I do remember a few times, though, when we lived in Illinois, that we all went to see Becky in a Junior High play, where she had her family-famous lines: “I am Ruttabeggio, I love Sopapillio, and her I will marrio, despite old Spaghettio.” (I'm pretty sure it wasn't Shakespeare.) I also remember going with Mama to see Melody in a Junior High production in Savannah where she played the part of an old lady, pretending to knit. And Mama went to hear me sing alto in a Christmas cantata called “A Ceremony of Carols” that the Girls’ Chorus sang in Olde English. But that was about the extent of parental involvement in our schooling.
When I started Savannah High School as a Sophomore in 1963, it was still segregated. Integration came in the Fall of 1964, with a handful of brave souls who started their career at Savannah High with police escorts and military protection. For the first few weeks, there were soldiers on duty in the hallways of all three floors of SHS. Obviously, my family had its problems, but racism was not one of them. I knew it was wrong, but it also was very easy to go along with the crowd, to laugh at racial jokes—and even to repeat the jokes— because I was desperate for friends, desperate to fit in. I did not yet have the courage even to stick up for myself, let alone to stick up for my convictions.
But, in my Senior year, I became friends with Ola Mae Bryan. We sat next to each other in a class called “Contemporary Problems,” a conglomeration of sociology, politics, and ethics. I admired her greatly. I cannot even imagine the courage and determination it took her to be one of the first African-Americans at SHS. In my heart at least, I had stood in solidarity with her from that first very scary day of forced integration in 1964. I was glad that at least for the length of the school year, we both stood (or sat) in solidarity through our classroom friendship. Ola Mae was one of my teachers of what courage looks like and I treasure what I learned from her.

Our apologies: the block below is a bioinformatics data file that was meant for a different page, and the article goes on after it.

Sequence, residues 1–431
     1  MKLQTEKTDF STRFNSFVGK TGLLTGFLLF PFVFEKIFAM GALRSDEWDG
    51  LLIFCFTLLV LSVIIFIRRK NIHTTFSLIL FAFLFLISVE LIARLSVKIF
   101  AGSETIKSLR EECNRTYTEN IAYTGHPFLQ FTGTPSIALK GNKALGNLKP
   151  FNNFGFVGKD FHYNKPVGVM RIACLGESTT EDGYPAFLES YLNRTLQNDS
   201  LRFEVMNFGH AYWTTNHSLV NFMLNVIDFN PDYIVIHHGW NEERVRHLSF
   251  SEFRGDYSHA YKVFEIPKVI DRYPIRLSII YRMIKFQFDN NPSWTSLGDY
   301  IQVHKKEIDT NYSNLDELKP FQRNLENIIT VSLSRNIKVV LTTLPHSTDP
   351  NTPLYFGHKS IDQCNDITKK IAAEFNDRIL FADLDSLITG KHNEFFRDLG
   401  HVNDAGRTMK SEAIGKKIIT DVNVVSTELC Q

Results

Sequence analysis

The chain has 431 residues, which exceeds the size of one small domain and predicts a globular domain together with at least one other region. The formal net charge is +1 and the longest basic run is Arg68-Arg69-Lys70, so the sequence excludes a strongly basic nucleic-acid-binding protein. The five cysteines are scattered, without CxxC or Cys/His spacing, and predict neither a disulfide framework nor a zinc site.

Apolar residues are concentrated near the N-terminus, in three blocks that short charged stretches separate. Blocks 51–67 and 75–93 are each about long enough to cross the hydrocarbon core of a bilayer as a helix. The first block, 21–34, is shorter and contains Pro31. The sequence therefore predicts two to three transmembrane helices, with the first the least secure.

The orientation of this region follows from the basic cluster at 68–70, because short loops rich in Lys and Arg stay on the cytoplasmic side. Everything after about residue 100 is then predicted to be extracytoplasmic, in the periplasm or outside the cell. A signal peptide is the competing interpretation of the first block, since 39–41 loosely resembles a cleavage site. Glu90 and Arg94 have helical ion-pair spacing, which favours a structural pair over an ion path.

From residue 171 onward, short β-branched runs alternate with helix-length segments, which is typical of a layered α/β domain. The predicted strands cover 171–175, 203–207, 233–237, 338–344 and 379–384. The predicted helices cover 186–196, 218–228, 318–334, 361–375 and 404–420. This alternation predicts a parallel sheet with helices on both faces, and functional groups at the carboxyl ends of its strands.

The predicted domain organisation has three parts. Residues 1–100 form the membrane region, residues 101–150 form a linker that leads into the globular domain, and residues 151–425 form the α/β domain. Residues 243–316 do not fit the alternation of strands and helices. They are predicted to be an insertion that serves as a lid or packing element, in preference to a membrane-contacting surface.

On the home front, that same spring Mama mustered her frail courage and made a feeble effort to try to separate permanently from Daddy. He had been in Vietnam for 13 months when she wrote him a letter telling him that neither she nor her girls wanted him to come back.
Daddy was quick to respond. Since he had been in "Nam" with the First Marine Division for 13 months, a month longer than a tour of duty was supposed to be, he took Mama’s letter in hand and convinced someone with authority to cut a new set of orders for the States, to Balboa Naval Hospital in San Diego, California.
He was back in Savannah only a couple of weeks later. He was repentant and full of promises to Mama: he would stop drinking; he truly loved her; he needed her with him; he really would change. She eventually agreed that she would go with him to San Diego after my graduation, so he went to San Diego and he returned to move the family to San Diego, in time for my graduation on June 6, 1966.